Charleston protest continues
A demonstrator argues with police officers after being arrested for participating in a march through
downtown Charleston, S.C. The demonstration was staged in support of striking hospital workers at
Charleston County hospital and the Medical College of South Carolina. About 40 demonstrators
were arrested. (See related story, Page 3.)
MORE STATE AID:
House members back
'U' budget 'restoration

speaking privileges during all
Regental deliberations.
Acting Assembly Chairman Prof.
Robert Knauss,. a key participant
in the deliberations which pro-
duced' the bylaw draft, said the
bylaws would be transmitted in-
tact to the Regents along with
the ammendments suggested by
the Assembly.
SGC is also expected to report
to the Regents on the bylaw pro-
posal, but it is still unclear
whether Council will also approve
the entire draft and .then state
reservations. Instead, SGC could
present an amended version of
the bylaws to the Regents.
Some observers at yesterday's
Assembly meeting said they be-
lieved the faculty action to delete
the section on discipline in pro-
fessional schools would be a sg
si-nificant factor in convincing SGC
to take predominantly' favorable
action on the draft.',
. Council members have voiced
objections to a number of other
passages inhthe bylaw draft, in-
cluding the composition and
powers which would be assigned
to the policy board of the Office
of Student Affairs.
Action to eliminate the contro-
versial section on professional
school discipline came after As-
sembly representatives from the
Medical School indicated they
were withdrawing their objection
to deletion of the passage. ,
These faculty members said
they believed the substance of sec-
See SENATE, Page 2

South

U.

Trial

By SCOTT MIXER
A verdict of not guilty was returned by a six-man jury
yesterday in the second trial stemming from the arrests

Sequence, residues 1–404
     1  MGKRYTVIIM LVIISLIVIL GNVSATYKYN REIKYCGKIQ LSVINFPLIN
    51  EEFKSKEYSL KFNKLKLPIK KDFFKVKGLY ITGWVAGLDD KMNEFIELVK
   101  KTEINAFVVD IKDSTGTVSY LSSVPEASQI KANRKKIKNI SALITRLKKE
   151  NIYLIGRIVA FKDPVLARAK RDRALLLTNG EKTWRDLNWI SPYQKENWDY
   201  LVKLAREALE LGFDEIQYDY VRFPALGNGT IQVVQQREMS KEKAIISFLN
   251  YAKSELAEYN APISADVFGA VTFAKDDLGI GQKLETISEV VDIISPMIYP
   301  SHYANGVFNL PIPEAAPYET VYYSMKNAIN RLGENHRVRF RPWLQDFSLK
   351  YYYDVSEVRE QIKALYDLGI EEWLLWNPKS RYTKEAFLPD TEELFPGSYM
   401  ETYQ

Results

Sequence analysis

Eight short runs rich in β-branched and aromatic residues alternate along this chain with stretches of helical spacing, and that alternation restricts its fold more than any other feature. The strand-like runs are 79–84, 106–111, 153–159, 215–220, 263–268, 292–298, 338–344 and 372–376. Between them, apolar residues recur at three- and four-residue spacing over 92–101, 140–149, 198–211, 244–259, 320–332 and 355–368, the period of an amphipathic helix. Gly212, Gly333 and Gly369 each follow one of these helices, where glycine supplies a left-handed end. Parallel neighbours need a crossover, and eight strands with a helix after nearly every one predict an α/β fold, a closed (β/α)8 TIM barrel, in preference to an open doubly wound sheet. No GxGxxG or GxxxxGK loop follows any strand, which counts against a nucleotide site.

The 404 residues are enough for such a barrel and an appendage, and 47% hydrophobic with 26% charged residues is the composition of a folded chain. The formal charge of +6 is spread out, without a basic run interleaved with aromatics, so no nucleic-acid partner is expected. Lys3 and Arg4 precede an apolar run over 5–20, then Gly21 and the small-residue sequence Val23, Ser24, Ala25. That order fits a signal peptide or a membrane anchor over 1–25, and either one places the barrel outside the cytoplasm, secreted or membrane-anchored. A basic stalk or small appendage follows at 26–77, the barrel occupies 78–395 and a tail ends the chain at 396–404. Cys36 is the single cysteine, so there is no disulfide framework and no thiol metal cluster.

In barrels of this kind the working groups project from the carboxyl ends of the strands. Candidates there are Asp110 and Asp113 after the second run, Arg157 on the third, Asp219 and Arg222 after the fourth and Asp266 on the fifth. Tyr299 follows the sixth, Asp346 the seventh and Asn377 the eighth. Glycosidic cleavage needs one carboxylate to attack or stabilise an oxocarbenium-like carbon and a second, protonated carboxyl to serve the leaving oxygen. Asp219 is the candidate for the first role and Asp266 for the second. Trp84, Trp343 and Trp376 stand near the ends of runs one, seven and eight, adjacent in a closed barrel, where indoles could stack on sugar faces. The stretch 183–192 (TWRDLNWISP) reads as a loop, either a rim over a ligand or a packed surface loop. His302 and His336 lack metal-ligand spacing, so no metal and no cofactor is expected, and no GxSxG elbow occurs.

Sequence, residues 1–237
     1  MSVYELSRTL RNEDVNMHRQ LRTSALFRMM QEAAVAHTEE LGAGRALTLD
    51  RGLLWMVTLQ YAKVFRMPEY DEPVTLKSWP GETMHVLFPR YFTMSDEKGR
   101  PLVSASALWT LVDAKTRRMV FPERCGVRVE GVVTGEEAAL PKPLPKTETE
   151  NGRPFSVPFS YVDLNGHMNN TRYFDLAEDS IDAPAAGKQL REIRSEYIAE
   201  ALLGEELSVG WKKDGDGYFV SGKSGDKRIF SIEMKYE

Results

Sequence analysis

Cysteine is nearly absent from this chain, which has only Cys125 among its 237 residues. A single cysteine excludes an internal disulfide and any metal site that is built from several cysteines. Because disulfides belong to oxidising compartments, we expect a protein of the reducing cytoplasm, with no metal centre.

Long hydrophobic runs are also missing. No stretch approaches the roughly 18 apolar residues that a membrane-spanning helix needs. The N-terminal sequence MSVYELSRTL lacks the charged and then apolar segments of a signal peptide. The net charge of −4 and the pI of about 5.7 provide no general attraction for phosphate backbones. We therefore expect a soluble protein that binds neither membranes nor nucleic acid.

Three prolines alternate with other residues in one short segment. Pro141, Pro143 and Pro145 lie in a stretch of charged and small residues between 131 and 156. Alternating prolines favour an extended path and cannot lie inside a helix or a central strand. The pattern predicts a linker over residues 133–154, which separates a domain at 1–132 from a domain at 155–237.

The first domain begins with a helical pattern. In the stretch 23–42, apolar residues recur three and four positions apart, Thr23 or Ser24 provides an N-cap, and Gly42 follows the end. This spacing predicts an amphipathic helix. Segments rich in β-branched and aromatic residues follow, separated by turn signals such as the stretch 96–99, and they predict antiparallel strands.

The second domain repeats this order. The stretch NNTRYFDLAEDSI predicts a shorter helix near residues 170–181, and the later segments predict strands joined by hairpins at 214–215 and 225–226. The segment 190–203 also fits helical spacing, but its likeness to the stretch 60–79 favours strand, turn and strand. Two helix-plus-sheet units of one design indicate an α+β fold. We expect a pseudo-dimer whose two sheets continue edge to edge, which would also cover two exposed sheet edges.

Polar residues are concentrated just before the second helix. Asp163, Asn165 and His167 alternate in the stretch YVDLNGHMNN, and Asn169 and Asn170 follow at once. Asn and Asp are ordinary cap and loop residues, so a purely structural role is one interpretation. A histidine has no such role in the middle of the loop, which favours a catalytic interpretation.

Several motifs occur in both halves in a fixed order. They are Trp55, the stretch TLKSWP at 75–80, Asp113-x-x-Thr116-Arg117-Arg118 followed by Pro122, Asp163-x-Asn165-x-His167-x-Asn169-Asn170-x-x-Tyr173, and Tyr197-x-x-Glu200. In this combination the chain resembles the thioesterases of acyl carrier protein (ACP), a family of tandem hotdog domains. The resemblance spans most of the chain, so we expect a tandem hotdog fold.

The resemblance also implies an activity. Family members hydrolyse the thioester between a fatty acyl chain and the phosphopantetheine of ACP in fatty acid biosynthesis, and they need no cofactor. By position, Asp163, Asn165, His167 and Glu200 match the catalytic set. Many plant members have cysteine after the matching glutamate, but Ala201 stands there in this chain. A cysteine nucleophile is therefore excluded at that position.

made on South University last Tuesday night.
Linda J. Storr, 18, of 812 E. Kingsley, was acquitted of
a charge of "unlawfully making a disturbance or contention
in a public place," a misdemeanor -punishable by $100 and/or
90 days in jail. The jury returned the verdict after nearty
two hours of deliberation.
Miss Storr was arrested by Washtenaw County Detective
Joseph Fitzgerald because "she looked like one of the leaders"

By SHARON WEINER

i

The State House of Representa-
tives may restore a $2 million cut
by the Senate from the Governor's
recommended allocation for the
University, Rep. George F. Mont-
gomery (D-Detroit), chairman of
the House appropriations sub-
committee on higher education,
said vesterdav

mnittee was favorable to the Uni-; the subcommittee is bound to be
versity even before Fleming nd given full debate on the House
other University officials spoke.", floor because of members who
Rep. Thomas Ford (R-Grand feel the University should be "pun-
Rapids) agreed the House sub- ished" for the actions taken by
committee is "extremely sympa-' some of its students "ast week," he
thetic to the University's pleas for said.
restorations of some cuts," but "Assuming we might be success-
added that "any attempt to srttle ful in overcoming these attempts,"
on dollars at this point is sbeer Ford added, "the final figure will
speculation." be different from that of the
"Any figure which comes ou: of See HOUSE, Page 2

National,
te
In factions
CHICAGO (WP) - Students for a
Democratic Society ended a. cha-
otic five-day convention yesterday
with two different groups of of-
ficers -- each of them claiming to
be "the real SDS."
A so-called regular faction, the
Revolutionary Youth Movement
which include most of the former
officers, elected Mark Rudd, 22,
of New York City, as national
'secretary to succeed Michael
Klonsky.
Rudd was one of the leaders of
the Columbia University takeover
last year.
Meanwhile, the rival pro-Peking
Progressive Labor' party named
John Pennington of Boston, a
Harvard alumnus, as its national
secretary.
The convention began last Wed-
nesday in the Coliseum on the
city's South Side, but Klonsky led
his faction out of the hall Satur-